Checking an embossing proof
Video: Checking an embossing proofBefore an embossing job goes into full production, usually the die maker will provide you with what's called a strike. It's a proof. It's a test emboss of the stock that's going to be used on the final job. And you need to inspect that to make sure it looks the way you expect. You want to check the depth; is the embossing the proper depth you were expecting? And if you're using a multi level or a sculptural embossing die, make sure there's sufficient difference between the levels, and you can see the detail that you were hoping to capture in the embossing.
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Adding a die cut or emboss to your print job can make a striking visual impact; it's a way of sculpturing and increasing a reader's engagement with your work. Learn about the various types of embossing and die cutting as well as the proper ways to set up your documents to achieve consistent results. Author Claudia McCue covers manufacturing concerns like cost, time, choosing the appropriate paper stock, and file formatting; preparing your artwork for embossing and stamping; and then designing your die-cut project in Adobe Illustrator or InDesign.
- Understanding how dies are created: hand-engraved, machined, or photo-engraved
- Preparing files for die-cutting
- Choosing appropriate stock
- Creating artwork for single- or multi-level embossing
- Checking proofs
- Examining a cutting die
- Handling a complex bleed
Checking an embossing proof
Before an embossing job goes into full production, usually the die maker will provide you with what's called a strike. It's a proof. It's a test emboss of the stock that's going to be used on the final job. And you need to inspect that to make sure it looks the way you expect. You want to check the depth; is the embossing the proper depth you were expecting? And if you're using a multi level or a sculptural embossing die, make sure there's sufficient difference between the levels, and you can see the detail that you were hoping to capture in the embossing.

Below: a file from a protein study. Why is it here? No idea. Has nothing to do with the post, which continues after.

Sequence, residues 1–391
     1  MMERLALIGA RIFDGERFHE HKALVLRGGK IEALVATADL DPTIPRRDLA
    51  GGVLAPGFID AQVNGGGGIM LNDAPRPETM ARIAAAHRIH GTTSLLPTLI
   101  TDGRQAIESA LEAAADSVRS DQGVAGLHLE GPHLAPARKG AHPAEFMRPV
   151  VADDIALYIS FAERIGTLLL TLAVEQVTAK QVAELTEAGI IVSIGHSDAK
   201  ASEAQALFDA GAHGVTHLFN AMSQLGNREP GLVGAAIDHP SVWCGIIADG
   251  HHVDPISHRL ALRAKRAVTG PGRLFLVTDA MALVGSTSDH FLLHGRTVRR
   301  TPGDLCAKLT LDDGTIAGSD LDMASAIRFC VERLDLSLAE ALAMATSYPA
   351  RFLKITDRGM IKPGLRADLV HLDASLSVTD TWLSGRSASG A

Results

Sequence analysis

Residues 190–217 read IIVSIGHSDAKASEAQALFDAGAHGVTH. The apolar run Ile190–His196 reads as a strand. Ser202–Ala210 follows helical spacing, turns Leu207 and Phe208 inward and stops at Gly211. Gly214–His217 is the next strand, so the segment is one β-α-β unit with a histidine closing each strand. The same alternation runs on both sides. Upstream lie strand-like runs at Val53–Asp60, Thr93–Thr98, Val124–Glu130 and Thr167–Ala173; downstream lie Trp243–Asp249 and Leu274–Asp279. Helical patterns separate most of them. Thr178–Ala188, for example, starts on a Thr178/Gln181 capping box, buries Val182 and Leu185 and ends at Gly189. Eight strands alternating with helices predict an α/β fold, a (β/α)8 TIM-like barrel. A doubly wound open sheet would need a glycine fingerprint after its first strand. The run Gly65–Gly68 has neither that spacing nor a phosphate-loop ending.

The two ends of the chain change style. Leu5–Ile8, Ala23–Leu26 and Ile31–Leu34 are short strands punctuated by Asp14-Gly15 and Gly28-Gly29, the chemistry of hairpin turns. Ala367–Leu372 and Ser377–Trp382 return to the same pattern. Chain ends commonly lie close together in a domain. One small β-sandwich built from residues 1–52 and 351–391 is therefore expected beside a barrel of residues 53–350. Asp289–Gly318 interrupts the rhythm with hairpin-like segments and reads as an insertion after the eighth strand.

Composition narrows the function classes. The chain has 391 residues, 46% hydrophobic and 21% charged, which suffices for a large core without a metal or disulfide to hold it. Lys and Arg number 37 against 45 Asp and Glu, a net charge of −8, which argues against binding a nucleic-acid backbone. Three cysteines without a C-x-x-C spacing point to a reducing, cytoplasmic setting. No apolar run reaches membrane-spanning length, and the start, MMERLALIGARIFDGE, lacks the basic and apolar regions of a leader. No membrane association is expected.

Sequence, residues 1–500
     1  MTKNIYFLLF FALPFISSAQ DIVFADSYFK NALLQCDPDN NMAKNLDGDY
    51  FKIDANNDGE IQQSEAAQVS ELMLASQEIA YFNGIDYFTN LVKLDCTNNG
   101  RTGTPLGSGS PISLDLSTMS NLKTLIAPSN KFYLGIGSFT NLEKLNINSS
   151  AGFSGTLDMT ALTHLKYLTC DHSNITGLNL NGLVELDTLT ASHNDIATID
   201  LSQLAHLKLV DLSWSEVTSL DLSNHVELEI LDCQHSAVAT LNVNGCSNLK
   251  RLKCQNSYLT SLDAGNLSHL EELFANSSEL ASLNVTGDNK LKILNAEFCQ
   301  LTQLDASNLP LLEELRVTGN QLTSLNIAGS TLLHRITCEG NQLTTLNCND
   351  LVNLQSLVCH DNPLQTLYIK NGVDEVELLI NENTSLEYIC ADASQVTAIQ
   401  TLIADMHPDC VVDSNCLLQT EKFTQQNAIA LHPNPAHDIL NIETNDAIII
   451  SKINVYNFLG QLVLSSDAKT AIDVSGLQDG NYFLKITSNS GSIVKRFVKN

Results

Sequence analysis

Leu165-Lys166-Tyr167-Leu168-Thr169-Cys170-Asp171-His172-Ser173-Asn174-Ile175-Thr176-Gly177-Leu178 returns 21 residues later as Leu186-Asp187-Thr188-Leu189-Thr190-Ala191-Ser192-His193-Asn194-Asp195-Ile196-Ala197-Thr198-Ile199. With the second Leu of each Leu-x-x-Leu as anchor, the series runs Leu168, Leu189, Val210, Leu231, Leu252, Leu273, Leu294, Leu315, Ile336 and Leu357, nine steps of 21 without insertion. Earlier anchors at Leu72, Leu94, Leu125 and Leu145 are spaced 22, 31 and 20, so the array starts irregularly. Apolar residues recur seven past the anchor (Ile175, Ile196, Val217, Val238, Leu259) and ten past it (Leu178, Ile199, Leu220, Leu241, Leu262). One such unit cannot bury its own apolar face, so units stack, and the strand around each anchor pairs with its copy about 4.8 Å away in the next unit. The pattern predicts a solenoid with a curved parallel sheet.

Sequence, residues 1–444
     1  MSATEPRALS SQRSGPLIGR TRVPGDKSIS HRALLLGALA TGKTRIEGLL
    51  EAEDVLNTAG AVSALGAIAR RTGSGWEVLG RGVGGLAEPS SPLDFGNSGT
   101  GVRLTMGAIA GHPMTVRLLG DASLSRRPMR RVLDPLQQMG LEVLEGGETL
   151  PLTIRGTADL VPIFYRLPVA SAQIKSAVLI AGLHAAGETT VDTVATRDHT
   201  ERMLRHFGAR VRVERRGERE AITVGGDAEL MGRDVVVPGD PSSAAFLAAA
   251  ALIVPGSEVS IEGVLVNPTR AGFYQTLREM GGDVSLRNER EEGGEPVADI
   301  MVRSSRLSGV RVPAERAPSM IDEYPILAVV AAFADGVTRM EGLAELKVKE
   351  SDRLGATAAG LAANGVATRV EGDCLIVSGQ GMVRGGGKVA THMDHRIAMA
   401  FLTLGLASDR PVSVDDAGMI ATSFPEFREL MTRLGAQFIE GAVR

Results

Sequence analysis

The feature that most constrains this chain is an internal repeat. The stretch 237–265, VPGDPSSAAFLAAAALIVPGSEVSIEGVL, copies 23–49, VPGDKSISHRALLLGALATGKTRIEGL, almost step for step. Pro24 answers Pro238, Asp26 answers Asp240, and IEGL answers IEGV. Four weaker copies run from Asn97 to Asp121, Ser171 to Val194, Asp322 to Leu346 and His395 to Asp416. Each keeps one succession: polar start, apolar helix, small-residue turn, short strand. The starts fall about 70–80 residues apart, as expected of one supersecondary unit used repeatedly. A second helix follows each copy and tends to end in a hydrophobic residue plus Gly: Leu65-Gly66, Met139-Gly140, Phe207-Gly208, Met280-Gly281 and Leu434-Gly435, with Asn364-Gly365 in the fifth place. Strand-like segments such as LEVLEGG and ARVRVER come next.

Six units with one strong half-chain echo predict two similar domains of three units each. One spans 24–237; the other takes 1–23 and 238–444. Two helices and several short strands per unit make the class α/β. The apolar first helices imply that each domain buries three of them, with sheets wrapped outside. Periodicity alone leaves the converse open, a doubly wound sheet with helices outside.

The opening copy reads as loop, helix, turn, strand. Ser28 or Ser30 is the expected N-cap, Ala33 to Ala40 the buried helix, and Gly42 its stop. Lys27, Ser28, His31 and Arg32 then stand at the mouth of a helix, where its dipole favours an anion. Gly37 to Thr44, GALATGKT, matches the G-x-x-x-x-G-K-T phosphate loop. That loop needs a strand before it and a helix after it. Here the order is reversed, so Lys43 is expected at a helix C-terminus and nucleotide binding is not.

And, speaking of detail, you want to check for broken type, broken rules, any small art components. You want to make sure that they're rendered with fidelity. You want to check for distortion. Are smaller details distinct? And since embossing involves pressure, and you're really just sculpting the paper, you want to check for stock buckling. And this is especially true of very heavy stock. And if you're performing the embossing near a trim or a fold, you want to stay a certain distance away from trims or folds. But in heavy stock, it can still have a bit of deformation of the stock. Because heat is often used during embossing, you might see some scorching of the paper.
Not so much with dark stock but with light stock, you might see a bit of scorching. You can actually use that sort of as an artistic component. A lot of people do. But if it's not what you want, then you may have to either change the stock or you might have to change a bit about the dye, so that not so much heat is required and that no scorching occurs. If it's thin paper or if it's coated paper you have to beware of tearing. If you're embossing printed pieces. then you have to check for registration. So does that embossed area align with the printed area? If you're using a combination die you want to make sure that the foil aligns with the embossed area that it's supposed to align with.
And you want to make sure that it interacts with that foil correctly. You want to check for splitting or tearing. So just like going to a press check for a job that purely invovles print, this really counts. When you're looking at a press proof or you're looking at a proof that a printer gives you before running a press job. This is the time to really pay attention to all the details because once you set it in motion, you want to make sure that your going to be happy with the finished piece. You put allot of work into a job that involves specialty finishing like embossing and you really want it to turn out nicely.
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